Review: 3%

Note: this is a spoiler-free review of the show.

3

In the future, year 104, the world is divided into to two classes: the poor in the slums, and the rich who live in the Offshore. Every year, all 20-year-old citizens from the slums compete to live in the Offshore. “In The Offshore, all are given equal opportunity to advance.” Proclaims the charismatic leader, Ezequiel. Only 3% of the contestants, candidates, will get to live in Utopia. However, The System is threatened by The Cause. Maybe there was something lost in translation (show is shot in Brazilian Portuguese), but those are the most unoriginal names. Anyway, 3% follows five candidates (Michele, Fernando, Joana, Marco, Rafael) in their quest to become the lucky 3%, and Ezequiel (João Miguel). He’s the almighty Supervisor, who might be working with The Cause.

As an ensemble show, 3% follows a Lost format. Each episode focuses on one character of the ensemble, with flashbacks, and their journey through The Process. Michele (Bianca Comparato), is the secret resistance fighter. Marco (Rafael Lozano) is the vain and relatively well-off candidate. He considers it his birthright to make it to The Offshore, the rest of his family has. Rafael (Rodolfo Valente) is the trickster-type. Fernando (Michel Gomes) is the sweet, paraplegic, who befriends Michele. Joana (Vaneza Oliveira) is the lone wolf.

You also see elements of the Hunger Games, Elysium, Survivor. Candidates must outwit, outlast, and outplay each other to prove themselves worthy to the Administrators. They are given “tests”, like assembling blocks quickly to show high IQ; and successfully making across a tunnel while being dosed with hallucinogens, to prove perseverance, maybe?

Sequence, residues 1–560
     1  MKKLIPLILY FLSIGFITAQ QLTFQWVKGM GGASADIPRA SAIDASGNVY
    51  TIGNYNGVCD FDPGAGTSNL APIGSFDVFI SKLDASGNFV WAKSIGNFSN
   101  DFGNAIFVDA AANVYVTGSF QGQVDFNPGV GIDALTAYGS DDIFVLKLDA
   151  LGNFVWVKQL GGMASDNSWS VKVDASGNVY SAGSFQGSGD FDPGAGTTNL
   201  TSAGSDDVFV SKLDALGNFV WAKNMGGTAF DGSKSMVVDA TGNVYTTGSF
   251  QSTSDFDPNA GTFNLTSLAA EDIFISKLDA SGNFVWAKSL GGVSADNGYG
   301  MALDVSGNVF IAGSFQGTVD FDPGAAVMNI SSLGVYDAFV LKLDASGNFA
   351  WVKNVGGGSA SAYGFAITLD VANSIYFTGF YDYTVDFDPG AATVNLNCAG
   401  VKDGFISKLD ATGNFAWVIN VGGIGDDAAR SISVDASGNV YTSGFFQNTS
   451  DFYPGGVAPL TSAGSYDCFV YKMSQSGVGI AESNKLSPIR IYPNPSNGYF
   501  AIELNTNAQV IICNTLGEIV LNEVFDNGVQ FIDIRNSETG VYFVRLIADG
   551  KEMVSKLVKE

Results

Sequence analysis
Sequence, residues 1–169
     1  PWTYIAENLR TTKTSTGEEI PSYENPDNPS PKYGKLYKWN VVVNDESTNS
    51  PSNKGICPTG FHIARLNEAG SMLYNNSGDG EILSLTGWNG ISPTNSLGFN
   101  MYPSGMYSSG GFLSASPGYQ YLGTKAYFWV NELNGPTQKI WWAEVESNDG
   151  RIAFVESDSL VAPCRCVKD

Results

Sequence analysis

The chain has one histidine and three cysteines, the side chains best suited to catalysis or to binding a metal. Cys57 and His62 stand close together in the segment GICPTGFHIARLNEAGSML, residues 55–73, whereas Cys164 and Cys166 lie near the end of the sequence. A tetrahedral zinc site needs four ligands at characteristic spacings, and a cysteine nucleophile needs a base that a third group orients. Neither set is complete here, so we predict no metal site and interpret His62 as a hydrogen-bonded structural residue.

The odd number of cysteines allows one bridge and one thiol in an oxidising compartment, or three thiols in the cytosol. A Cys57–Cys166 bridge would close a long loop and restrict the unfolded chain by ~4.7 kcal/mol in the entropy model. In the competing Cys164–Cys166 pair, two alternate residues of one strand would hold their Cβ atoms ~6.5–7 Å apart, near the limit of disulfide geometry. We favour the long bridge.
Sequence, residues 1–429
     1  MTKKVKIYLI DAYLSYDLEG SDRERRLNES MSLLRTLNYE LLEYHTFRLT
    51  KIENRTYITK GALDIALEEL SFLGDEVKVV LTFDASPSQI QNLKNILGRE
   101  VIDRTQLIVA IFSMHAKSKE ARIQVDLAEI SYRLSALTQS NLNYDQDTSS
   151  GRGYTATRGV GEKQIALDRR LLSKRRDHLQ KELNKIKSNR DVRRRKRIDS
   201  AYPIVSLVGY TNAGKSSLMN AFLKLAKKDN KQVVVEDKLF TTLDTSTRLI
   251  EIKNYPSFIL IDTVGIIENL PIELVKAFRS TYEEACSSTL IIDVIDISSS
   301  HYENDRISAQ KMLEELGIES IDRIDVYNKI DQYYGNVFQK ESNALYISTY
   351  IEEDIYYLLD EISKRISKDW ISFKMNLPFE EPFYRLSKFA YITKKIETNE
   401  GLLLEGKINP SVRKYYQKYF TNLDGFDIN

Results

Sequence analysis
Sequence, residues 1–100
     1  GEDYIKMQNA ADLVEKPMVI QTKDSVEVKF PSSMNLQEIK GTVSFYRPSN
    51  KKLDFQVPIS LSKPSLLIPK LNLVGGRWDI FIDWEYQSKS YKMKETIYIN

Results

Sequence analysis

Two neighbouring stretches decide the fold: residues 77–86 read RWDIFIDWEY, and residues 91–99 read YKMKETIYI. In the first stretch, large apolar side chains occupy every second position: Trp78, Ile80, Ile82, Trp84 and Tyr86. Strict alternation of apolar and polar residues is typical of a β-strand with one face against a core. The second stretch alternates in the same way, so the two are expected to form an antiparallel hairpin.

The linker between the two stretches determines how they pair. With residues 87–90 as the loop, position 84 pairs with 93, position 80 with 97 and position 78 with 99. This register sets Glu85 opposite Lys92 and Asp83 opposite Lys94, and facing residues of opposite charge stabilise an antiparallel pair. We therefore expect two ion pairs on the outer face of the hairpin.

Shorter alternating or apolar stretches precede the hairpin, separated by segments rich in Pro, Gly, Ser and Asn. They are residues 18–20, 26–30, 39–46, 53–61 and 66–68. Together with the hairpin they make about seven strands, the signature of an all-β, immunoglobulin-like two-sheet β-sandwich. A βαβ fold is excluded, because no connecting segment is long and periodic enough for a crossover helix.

From the beginning, the show presents The Process as an invasive and dehumanizing ordeal that only proves the candidates’ willingness to submit to the system. In the pilot, they are put through a questionnaire that is invasive and harsh. It is like a job interview, psychological evaluation, and lie-detector test. They ask a black woman how often she washes her hair. Fernando’s disability is mocked. Michele is hit on by the interviewer and mocked for her attachment to a sentimental object. “Are you worth being saved?” They ask. They are really asking what are the candidates willing to give up. The ones who pass the first stage, must disavow all ties to their former lives.

Despite rigged nature of The Process, some characters are willing to defend this system, like Fernando, the paraplegic who has near-religious faith in the system. The most optimistic character of the show. He firmly believes in the system, and believes in its mission for good, even when confronted of the reality of its unfairness. He believes in self-reliance, pulling yourself up by your bootstraps. It is admirable, but also frustrating to Michele, who tries to get him to see the injustice. The candidates know they are being watched, yet this doesn’t prevent anyone, Rafael mostly, from cheating. No one is eliminated for cheating. They are eliminated for giving the wrong answers or not completing the test on time.